Is my room is clean as a whistle a simile?

Thoroughly or neatly done; also, pure, unsoiled. The early nineteenth-century use of this term, which appears in William Carr’s The Dialect of Craven (1828) as a proverbial simile meaning “wholly” or “entirely,” was in such guise as “Head taken off as clean as a whistle” (W. S. Mayo, Kaloolah, 1849).

Was as clean as?

old-fashioned (also (as) clean as a whistle) extremely clean. Clean & tidy. a place for everything and everything in its place idiom.

What are 5 example of simile?

Simile Examples Using As
as American as apple pie as big as an elephant
as black as coal as blind as a bat
as boring as watching paint dry as brave as a lion
as busy as a bee as cheap as dirt
as clean as a whistle as clear as mud

Why is something as clean as a whistle?

Clean as a Whistle Meaning

Definition: Very clean. This expression serves to emphasize the cleanliness of a person or thing.

Where does the saying clean as a whistle?

(his) head taken off as clean as a whistle. ‘ The expression is proverbial, at least since the 18th century, when Robert Burns used a variation on it. More likely the basic idea suggests the clear, pure sound a whistle makes, or the slippery smooth surface of a willow stick debarked to make a whistle.

What is a simile for kids?

Kids Definition of simile

: a figure of speech comparing two unlike things using like or as “Their cheeks are like roses” is a simile. “Their cheeks are roses” is a metaphor.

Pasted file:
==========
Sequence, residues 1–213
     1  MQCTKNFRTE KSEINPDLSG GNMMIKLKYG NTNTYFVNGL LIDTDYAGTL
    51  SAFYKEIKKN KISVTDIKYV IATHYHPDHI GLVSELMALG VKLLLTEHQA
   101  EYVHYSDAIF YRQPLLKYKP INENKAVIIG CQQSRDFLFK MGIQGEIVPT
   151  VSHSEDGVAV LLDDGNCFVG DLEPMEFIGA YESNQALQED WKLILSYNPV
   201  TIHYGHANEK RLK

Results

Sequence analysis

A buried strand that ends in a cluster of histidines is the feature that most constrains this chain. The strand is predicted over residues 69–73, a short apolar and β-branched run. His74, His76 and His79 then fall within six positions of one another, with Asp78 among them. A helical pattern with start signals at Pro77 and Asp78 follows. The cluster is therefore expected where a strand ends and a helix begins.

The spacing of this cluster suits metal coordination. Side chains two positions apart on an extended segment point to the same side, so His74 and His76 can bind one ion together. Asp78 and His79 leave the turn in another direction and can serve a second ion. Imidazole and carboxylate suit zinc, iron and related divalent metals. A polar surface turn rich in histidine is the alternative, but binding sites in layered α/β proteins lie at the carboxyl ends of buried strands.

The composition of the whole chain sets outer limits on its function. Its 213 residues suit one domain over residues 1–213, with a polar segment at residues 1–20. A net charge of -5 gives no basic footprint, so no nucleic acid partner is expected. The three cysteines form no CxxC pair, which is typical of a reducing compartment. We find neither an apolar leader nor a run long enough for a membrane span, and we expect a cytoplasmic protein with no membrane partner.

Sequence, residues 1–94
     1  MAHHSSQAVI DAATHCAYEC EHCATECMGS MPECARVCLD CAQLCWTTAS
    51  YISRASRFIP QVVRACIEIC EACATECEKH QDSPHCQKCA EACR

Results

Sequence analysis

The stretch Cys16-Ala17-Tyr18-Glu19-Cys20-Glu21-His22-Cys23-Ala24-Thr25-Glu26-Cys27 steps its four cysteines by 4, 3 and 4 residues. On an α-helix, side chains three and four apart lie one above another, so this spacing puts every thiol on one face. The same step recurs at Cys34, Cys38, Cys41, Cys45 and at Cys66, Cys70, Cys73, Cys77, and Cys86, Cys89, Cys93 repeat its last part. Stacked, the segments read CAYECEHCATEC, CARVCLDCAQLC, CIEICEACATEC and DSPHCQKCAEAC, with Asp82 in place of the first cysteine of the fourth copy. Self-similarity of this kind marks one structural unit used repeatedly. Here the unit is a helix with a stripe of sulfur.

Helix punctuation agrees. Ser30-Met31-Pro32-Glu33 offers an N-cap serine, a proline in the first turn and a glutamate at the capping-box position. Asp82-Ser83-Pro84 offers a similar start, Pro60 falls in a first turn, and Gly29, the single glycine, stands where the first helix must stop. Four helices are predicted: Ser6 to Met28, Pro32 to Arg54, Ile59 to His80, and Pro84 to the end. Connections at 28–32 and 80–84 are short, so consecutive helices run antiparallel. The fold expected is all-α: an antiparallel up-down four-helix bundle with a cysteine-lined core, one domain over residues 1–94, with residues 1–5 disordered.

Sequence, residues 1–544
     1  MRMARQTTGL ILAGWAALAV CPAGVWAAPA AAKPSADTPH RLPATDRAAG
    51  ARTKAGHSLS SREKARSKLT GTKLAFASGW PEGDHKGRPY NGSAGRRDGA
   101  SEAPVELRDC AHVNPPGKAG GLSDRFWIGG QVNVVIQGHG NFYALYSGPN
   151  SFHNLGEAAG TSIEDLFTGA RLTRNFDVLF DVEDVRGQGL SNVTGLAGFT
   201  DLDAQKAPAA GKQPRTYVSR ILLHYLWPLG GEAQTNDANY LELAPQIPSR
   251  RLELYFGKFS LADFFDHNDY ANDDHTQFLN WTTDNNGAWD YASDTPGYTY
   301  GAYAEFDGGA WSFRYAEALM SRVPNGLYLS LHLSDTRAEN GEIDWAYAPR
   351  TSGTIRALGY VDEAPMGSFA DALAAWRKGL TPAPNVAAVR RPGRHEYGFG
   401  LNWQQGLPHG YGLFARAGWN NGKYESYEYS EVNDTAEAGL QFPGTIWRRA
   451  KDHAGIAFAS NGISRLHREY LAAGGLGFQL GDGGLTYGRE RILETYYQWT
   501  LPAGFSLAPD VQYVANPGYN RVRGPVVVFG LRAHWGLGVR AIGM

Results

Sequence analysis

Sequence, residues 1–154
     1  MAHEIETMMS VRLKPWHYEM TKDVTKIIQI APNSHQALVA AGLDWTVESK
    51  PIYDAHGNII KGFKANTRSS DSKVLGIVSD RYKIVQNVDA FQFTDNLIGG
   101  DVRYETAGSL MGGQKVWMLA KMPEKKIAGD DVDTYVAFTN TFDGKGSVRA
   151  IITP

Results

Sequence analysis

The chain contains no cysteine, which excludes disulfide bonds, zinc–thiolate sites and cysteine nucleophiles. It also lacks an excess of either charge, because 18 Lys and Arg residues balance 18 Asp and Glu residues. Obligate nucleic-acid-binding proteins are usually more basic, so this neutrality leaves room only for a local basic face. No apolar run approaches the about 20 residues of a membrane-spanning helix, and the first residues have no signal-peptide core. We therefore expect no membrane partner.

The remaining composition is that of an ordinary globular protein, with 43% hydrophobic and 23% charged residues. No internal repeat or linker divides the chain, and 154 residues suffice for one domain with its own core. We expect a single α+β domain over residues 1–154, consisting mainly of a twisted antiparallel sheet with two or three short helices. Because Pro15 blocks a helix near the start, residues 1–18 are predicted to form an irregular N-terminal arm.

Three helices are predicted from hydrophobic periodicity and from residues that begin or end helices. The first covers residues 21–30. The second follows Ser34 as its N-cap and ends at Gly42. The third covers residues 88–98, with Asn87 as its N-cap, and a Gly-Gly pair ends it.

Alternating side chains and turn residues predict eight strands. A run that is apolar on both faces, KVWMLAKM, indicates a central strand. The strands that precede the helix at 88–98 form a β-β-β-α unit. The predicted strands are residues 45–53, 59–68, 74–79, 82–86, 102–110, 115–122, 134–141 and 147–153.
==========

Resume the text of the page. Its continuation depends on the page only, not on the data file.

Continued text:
What is the simile of hungry?

as hungry as a bear
List of AS… AS Similes
as happy as a lark very happy
as hungry as a bear very hungry
as hungry as a wolf very hungry
as innocent as a lamb innocent, not worldly-wise
as large as life conspicuously present

What is the simile of hairy?

List of SimilesSimilesMeaningas hairy as a gorillavery hairyas happy as a kingvery happyas harmless as a dovevery innocentas heavy as an elephantvery heavy

What is as black as?

Also, black as coal or pitch . Totally black; also, very dark. For example, The well was black as night, or She had eyes that were black as coal. These similes have survived while others-black as ink, a raven, thunder, hell, the devil, my hat, the minister’s coat, the ace of spades-are seldom if ever heard today.